Judaism Your Way

Baby Namings

The arrival of a child is a breathtaking blend of the physical, emotional, and spiritual. It’s a moment filled with awe, love, tenderness, and responsibility.

Our rabbis are thrilled to officiate baby naming ceremonies that warmly acknowledge your new or deepening role as parents, and welcome your little one into the world. These ceremonies symbolize the baby’s entry into what we call the brit or covenant – a deep connection to our shared past and a meaningful participation in something sacred and whole, while bestowing their Hebrew name.

A Jewish baby naming ceremony captures three significant elements.

  • Welcoming the baby to their embodied life, made of family, community and humanity.
  • Bringing the baby into the brit (covenant) – being connected to the Jewish people and belonging to something sacred and greater than oneself.
  • Bestowing the child with a Jewish name that carries the essence of our covenantal tradition.

We’re here to make this momentous occasion truly special, reflecting your family’s values and celebrating the miracle of new life. Let’s embark on this extraordinary journey together, creating cherished memories that will last a lifetime.


Fees include up to two one-hour meetings and ceremony officiation.

Ceremonies in Colorado within the 7-county metro Denver area: $500.

Ceremonies outside of the 7-county metro Denver area: $500
Plus other expenses as mutually agreed upon including but not limited to travel, airfare, lodging, and transportation.

Want to learn more about ceremonies and rituals that celebrate the new life in your world? We are here to help! Please complete the inquiry form through the button below.

The Ritual of Circumcision

When it comes to the traditional ritual of circumcision, known as milah in Hebrew, Judaism Your Way is here to provide you with information and resources to help you navigate this important decision. We want to assure you that if you prefer not to include the circumcision aspect in your ceremony, our rabbinical team offers alternative options. We understand and respect that every family has unique preferences and beliefs, and we are here to support and guide you in creating a meaningful naming ritual for your child.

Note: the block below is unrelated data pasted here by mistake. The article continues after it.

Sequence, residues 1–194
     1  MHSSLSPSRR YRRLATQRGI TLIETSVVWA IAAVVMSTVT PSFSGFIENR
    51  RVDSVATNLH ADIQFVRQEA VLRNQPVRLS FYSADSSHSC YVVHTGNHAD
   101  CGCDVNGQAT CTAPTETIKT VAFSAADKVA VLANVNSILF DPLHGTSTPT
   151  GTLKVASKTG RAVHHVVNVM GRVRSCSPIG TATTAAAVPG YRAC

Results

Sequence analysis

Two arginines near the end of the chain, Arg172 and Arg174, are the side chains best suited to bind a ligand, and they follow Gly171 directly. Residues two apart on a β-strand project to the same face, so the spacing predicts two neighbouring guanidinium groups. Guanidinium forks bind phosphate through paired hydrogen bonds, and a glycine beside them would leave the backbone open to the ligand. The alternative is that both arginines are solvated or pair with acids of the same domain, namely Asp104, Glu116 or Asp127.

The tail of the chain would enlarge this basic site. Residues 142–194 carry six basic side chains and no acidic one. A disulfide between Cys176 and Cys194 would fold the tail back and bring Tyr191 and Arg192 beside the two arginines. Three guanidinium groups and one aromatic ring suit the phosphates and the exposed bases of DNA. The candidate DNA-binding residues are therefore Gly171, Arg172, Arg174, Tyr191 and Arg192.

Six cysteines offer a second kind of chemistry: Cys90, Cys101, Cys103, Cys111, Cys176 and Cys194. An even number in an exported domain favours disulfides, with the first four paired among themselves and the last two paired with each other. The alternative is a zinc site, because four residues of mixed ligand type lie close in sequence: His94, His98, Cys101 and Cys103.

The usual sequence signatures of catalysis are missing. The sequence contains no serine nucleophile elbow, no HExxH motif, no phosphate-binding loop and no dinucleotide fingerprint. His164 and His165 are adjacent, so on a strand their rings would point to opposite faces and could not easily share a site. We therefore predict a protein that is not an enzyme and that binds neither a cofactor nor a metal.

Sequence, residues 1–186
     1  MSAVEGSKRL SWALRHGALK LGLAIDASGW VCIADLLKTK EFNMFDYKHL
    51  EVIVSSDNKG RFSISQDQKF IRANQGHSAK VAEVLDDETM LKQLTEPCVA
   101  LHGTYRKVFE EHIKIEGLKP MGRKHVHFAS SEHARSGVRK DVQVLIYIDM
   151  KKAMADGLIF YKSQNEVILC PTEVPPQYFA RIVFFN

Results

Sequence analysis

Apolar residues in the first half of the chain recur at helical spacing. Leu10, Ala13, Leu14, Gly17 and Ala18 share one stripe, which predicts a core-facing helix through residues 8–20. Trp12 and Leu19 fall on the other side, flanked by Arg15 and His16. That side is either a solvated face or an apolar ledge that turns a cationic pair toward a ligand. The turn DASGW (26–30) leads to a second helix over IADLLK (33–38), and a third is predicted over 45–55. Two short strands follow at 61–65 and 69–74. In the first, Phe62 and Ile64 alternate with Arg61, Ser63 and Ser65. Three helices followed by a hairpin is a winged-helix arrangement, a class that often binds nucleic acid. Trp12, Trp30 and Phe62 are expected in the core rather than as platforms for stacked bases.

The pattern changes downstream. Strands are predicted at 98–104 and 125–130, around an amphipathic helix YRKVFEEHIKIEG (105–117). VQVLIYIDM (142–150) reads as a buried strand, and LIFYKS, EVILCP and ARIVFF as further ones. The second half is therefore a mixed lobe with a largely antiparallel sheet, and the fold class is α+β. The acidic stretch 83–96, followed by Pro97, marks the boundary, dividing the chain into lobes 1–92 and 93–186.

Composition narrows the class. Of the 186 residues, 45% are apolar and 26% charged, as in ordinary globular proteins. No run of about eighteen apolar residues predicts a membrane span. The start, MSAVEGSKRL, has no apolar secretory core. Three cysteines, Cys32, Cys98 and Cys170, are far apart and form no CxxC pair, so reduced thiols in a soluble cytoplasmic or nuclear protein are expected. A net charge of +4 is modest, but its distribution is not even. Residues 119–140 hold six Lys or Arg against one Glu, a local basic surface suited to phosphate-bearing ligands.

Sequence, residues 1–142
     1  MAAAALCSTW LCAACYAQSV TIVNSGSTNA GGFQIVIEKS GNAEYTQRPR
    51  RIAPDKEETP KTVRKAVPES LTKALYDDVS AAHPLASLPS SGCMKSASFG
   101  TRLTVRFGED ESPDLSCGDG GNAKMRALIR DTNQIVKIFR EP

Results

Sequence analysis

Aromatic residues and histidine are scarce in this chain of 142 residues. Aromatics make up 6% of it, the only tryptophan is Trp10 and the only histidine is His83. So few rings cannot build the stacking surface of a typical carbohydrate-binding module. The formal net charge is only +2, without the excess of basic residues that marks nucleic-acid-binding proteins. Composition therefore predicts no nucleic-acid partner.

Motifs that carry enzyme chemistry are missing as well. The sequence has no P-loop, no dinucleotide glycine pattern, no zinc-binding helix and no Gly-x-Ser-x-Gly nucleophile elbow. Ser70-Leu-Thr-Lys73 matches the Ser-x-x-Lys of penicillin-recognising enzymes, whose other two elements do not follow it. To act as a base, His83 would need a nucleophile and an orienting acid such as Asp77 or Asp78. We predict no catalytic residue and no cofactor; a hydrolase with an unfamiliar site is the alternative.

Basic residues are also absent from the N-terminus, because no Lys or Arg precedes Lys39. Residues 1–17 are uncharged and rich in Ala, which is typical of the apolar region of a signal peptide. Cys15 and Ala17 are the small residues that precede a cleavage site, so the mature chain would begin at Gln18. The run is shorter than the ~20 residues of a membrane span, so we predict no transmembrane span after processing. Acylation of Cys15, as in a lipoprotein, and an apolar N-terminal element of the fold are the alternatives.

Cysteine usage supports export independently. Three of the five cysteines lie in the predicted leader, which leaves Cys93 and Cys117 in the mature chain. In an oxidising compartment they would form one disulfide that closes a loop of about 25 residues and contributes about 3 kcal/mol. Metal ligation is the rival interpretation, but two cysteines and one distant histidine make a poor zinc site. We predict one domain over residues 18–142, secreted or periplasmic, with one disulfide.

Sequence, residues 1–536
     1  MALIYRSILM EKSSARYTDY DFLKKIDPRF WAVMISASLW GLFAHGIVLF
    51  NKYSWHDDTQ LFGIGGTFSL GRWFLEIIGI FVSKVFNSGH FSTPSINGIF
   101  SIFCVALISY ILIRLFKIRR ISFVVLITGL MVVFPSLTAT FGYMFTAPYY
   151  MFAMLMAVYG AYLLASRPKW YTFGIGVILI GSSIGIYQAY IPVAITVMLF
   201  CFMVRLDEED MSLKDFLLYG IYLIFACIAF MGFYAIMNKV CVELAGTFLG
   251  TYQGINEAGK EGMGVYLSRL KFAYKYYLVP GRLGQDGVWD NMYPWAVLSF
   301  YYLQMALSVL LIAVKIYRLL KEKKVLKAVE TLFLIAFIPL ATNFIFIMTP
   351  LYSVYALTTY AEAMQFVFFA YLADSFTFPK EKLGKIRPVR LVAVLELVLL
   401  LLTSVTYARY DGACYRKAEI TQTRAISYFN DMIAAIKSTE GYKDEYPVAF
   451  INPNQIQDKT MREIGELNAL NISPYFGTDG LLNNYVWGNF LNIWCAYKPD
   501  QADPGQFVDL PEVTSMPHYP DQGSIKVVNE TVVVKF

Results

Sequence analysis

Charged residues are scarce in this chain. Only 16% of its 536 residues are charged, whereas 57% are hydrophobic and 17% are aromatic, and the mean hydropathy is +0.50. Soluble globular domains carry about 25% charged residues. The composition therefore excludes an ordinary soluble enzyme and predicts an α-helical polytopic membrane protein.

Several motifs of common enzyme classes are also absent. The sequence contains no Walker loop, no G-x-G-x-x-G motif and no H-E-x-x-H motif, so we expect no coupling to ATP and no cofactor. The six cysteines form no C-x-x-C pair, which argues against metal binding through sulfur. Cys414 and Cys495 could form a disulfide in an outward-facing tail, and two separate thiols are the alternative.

In accordance with this covenantal tradition, a mohel or mohelet (mohel/et) is a specially trained individual who performs circumcisions. Here are some local certified mohalot who may be able to assist you:

Each mohel/et operates based on their own understanding of Jewish law and practice. If you’re an interfaith couple, we recommend confirming with the mohel/et that they are able to perform this Jewish covenantal ritual for your child.

It’s worth noting that some pediatricians may also offer this service. Please keep in mind that while we provide these names as informational resources, we do not specifically endorse any particular mohel or mohelet.

Celebrating The Birth

For families with baby girls, we acknowledge that, for most of Jewish history, there wasn’t a parallel covenantal ceremony to celebrate the birth of a girl. However, over the years, several beautiful ceremonies have been developed to celebrate and welcome baby girls into the world. We have been honored to officiate at naming ceremonies for babies ranging from 8 days to 3 years. These ceremonies are also available for boys if parents decide not to circumcise. Our rabbis are more than happy to work closely with you to determine which ceremony best aligns with your family’s wishes.


We also offer naming ceremonies for parents who are adopting a child. If your child was born to birth parents who did not identify as Jewish, you may wish to explore the option of formally converting your child to Judaism. Please reach out to learn more and explore opportunities for this journey.

Choosing a Hebrew Name

When it comes to choosing a Hebrew/Jewish name for your child, there’s no one-size-fits-all approach, but plenty of customs and options to consider in selecting a name filled with meaning and connection.

One common practice is naming a child after a relative, either in full or honoring with just the same first letter. In Ashkenazic tradition, it’s common to name a child after a deceased relative, while in Sephardic tradition, it is selecting a name connected to a living relative.

Others choose to give their child a Hebrew name that corresponds to their English name, finding a harmonious bridge between the two languages. And some explore naming a child after a relative who may not have a Hebrew/Jewish name. In such cases, you can honor them by giving your child a Hebrew name that starts with the same letter or even choose a name that carries a similar meaning to the relative’s name.

Remember, this naming journey is an opportunity to celebrate your family’s heritage and create a special bond with your child through their name. We encourage you to explore different customs, consult with loved ones, and find the perfect name that resonates with your unique story and values.

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